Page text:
Dr. Bruce Perry, M.D., Ph.D., Senior Fellow of the Child Trauma Academy and Maia Szalavitz, an award-winning health and science journalist are the authors of this pivotal work about trauma and the developing brain. The book is collection of stories of some of many the children and families Dr. Perry has worked with during the span of his career as a child psychiatrist and neuroscientist. Why we love this book: 1. Each chapter is a distinct case history and is written in an engaging narrative format. 2. The stories explore many crucial concepts related to neurodevelopment including the stress response system (freeze, fight, or flight), associations and attachment. 3. With each case study, Dr. Perry breaks down complex concepts into small, understandable pieces making this book a great learning and teaching tool. Why You Should Read This Book: Statistics clearly illustrate if you work with children you will likely encounter more than a few that have been exposed to trauma, violence, chaos and neglect. The Boy That Was Raised as a Dog illustrates how the different types of trauma effect emotions, behavior and a child’s ability to learn, and create and maintain relationships. Throughout the text Dr. Perry offers clear … Continue reading
- When the brain is asleep the brain is not resting. (Medina)
- Sleep is one of the most important ways we integrate memory and emotion. Dreams occur when the sophisticated area of our brain is uninhibited enough to allow the lower areas of the brain to run wild with imagination and feelings. (Siegel)
- Dreams are a mixture of memories in search of resolution. They are leftover elements of the day’s events, sensory information taken in while we’re asleep, and simple random images generated by our brain during the rapid-eye-movement (REM) stages of sleep. (Siegel)
- Before memories can be fully integrated they must go through a process called “consolidation,” which seems to depend on the REM phase of sleep. (Siegel)
- For people who have experienced trauma, REM sleep is often interrupted. This may be partly responsible for their memories remaining unprocessed. (Siegel)
- These unprocessed memories may cause sensations such as flashbacks, nightmares and a sense that the trauma is ongoing rather than in the past. (Siegel)
Taken from Brain Rules by John Medina & Mindsight by Daniel Siegel
We have found that the use of illusions are often helpful to illustrate various complex ideas about how the brain functions. Look at the picture. What happens? This is a picture of half of a human face. Your brain quickly reacts to this incomplete pattern by turning the face sideways – which, to it, makes more sense. To continue looking at the half face photo would mean the brain is not allowed to do its work of completing the pattern. Sometimes the brain is so anxious to make sense of the world around it, it will add or subtract information in order to satisfy this desire to predict thereby – better ensuring its continued existence. Because our brain’s primary directive is to keep us alive, many of its functions underscore this drive. In order to stay alive, it is helpful to be able to anticipate what is going to happen next. Our brains are constantly and continuously trying to predict what will happen, next words, next actions, in an attempt to be prepared in a response. A extension of this is the need to complete patterns.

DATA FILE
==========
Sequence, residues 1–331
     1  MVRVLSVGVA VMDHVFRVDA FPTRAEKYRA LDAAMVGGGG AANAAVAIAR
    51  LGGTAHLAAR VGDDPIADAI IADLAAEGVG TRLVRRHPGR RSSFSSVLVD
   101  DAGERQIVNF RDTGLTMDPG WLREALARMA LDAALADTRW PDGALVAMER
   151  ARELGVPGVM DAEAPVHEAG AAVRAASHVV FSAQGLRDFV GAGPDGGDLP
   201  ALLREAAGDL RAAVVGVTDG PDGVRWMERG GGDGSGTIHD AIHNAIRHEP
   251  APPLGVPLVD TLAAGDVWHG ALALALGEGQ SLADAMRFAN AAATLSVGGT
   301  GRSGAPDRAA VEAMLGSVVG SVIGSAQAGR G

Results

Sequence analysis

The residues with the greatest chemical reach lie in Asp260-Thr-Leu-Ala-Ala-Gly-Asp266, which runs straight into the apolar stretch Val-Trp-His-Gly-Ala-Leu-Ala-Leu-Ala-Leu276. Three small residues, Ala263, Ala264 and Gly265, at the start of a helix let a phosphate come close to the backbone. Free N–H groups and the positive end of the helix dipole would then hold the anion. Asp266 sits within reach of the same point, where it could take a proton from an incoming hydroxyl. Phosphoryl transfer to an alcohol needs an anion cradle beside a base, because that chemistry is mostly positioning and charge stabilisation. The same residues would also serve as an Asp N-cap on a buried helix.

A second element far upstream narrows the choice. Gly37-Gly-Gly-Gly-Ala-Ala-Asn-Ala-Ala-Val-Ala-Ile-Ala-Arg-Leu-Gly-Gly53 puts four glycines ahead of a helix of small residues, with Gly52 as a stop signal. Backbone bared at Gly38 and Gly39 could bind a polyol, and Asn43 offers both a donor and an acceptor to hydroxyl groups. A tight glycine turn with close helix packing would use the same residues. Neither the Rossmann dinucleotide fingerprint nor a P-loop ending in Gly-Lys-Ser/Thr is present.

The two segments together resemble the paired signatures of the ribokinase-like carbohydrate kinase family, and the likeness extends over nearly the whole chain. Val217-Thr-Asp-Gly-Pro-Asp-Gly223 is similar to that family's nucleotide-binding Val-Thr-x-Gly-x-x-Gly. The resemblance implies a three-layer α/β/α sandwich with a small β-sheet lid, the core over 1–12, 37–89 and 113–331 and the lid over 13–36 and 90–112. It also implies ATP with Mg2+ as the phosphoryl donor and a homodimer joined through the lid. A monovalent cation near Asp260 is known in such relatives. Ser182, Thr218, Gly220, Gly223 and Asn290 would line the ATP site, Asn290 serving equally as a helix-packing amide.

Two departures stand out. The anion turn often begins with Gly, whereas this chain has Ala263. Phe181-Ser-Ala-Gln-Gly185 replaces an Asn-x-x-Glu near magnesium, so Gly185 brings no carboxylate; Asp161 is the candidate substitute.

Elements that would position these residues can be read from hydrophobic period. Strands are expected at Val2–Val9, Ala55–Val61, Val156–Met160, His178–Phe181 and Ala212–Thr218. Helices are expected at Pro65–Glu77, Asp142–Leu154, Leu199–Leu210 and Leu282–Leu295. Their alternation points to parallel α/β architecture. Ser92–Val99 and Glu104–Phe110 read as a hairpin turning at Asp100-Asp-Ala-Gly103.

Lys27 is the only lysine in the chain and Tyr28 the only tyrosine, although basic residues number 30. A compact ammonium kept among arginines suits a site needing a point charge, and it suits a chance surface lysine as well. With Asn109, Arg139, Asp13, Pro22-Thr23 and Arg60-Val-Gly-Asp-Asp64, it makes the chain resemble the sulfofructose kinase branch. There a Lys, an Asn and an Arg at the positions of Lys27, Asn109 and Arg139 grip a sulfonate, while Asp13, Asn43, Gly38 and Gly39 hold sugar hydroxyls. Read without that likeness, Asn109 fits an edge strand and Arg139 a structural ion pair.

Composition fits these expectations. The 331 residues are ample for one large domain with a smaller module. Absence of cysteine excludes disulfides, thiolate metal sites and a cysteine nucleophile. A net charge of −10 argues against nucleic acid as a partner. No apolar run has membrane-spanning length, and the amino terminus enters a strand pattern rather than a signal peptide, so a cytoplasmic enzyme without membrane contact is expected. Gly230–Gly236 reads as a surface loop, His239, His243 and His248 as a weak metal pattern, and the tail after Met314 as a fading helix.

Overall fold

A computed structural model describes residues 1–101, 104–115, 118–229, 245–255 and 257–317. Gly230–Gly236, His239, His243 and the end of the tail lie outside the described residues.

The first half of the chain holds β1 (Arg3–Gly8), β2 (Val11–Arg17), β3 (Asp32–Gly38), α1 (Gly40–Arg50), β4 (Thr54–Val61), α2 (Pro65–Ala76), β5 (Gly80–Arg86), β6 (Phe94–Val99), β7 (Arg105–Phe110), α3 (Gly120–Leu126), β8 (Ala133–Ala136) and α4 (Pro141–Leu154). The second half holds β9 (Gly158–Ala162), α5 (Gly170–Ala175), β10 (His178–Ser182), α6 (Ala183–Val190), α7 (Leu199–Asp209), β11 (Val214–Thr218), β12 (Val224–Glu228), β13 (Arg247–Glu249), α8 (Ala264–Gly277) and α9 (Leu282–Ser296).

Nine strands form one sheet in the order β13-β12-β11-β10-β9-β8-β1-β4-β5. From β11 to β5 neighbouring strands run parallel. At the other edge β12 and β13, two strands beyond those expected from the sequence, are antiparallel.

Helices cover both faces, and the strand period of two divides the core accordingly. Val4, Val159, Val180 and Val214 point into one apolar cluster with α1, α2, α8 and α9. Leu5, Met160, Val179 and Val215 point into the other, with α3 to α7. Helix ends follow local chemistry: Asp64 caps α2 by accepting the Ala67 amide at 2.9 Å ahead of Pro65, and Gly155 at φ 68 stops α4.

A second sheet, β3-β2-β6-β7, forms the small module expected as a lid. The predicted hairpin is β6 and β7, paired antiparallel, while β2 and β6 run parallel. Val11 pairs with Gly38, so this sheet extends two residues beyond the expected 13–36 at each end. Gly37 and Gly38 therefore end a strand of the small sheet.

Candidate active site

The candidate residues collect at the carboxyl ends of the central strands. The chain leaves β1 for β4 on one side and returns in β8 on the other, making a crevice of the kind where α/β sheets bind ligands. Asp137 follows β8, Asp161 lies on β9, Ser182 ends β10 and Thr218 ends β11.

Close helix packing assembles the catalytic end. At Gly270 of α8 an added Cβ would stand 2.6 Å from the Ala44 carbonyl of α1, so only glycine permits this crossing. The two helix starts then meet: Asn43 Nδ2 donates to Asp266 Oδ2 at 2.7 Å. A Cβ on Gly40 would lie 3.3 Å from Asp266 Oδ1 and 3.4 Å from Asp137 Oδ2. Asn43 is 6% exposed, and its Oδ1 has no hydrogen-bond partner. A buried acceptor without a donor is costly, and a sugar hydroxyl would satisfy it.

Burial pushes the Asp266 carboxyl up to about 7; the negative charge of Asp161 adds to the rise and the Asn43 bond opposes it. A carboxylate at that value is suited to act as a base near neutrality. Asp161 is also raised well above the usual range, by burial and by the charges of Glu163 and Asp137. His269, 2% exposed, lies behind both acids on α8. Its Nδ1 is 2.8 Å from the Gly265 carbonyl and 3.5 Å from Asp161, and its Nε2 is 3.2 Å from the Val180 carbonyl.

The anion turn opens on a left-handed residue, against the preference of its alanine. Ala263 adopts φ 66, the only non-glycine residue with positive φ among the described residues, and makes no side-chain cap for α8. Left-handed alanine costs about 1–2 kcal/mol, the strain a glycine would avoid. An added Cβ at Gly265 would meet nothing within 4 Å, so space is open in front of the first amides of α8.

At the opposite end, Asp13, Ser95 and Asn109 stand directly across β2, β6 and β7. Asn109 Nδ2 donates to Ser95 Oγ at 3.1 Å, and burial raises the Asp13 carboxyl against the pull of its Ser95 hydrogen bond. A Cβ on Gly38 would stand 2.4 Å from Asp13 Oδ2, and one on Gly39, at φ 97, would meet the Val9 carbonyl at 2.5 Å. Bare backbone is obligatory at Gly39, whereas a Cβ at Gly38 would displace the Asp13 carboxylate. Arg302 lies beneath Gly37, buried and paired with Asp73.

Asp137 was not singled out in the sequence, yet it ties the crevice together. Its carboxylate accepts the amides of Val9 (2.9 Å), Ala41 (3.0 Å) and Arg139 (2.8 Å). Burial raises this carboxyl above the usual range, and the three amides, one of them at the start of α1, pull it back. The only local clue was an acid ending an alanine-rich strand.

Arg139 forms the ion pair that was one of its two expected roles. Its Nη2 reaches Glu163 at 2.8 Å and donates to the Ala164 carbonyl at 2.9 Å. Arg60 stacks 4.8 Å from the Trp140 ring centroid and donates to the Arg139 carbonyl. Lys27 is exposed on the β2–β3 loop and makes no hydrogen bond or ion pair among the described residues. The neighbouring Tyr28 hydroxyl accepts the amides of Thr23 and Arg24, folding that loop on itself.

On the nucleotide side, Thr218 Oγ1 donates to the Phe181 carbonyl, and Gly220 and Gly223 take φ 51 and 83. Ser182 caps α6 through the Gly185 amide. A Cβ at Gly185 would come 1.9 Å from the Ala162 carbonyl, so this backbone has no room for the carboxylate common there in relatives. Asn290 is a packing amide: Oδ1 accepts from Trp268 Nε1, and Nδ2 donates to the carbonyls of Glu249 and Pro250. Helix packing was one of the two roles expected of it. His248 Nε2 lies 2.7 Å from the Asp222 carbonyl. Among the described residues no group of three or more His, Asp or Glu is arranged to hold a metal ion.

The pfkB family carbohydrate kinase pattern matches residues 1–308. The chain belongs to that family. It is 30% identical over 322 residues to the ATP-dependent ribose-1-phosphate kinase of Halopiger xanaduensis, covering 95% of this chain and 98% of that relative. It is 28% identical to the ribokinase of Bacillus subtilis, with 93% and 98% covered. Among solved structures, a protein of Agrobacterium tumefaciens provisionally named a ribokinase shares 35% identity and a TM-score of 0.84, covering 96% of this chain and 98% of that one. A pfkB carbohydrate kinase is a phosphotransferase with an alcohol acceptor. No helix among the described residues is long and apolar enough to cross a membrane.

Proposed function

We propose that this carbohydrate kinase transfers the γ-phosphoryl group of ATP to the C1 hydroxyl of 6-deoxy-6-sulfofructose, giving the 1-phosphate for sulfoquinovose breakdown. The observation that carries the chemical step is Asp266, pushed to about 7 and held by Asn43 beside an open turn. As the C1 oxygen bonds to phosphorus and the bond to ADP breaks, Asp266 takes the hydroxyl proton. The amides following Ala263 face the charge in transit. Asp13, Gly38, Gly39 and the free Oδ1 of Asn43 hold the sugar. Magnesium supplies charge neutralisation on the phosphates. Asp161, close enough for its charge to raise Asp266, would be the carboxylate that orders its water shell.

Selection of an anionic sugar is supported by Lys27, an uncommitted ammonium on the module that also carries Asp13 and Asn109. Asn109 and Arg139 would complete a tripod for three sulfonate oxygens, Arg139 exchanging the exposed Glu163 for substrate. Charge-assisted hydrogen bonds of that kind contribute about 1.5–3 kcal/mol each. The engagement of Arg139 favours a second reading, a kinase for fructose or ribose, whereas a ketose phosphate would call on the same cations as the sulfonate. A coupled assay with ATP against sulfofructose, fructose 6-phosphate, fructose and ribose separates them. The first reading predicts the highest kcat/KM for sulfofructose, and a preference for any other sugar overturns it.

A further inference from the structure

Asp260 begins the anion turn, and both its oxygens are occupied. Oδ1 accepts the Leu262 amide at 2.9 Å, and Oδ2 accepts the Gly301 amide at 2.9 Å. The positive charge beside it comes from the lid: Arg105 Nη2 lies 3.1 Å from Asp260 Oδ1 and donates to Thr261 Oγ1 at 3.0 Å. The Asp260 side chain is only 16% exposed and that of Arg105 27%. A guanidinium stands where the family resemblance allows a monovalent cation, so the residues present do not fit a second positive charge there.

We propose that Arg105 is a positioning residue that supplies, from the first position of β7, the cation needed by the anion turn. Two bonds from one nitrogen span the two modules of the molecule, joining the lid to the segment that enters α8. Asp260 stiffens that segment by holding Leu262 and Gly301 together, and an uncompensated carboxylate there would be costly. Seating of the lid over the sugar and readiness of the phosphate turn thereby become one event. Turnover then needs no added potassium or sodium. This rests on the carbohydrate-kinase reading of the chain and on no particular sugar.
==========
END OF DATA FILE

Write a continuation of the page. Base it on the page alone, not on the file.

It is unfortunate that people still claim that we only use 10% of our brain. However, it is likely that the claim will persist as the 2014 movie LUCY has Morgan Freeman reinforcing the claim. While it may be true that some people only reach a small fraction of their potential, it only confuses the understanding of the brain to claim we only use 10%. This entertaining video (4min) does a nice job of challenging the claim.
Misinformation regarding the brain is in no short supply. The most common misinformation is likely regarding the hemispheres of the brain. This stems from the popularity of the topic in the 70’s and 80’s driven by the first split brain operations. In this RSA animation, Iain McGilchrist revisits the divided brain with newer insight debunking the most commonly heard myths. However, what he brings to the table is a new understanding that may prove more interesting than what is most frequently presented.
As new brain research is published, the media and many marketers are quick to “run with the data” and often far exceed the true meaning of the research. In this 2012 TED talk, neuroscientist Molly Crockett explains the limits of interpreting neuroscientific data, and why we should all be aware of them.
This brief overview provides an introduction to the Six Core Strengths program developed by Dr. Bruce Perry and The Child Trauma Academy.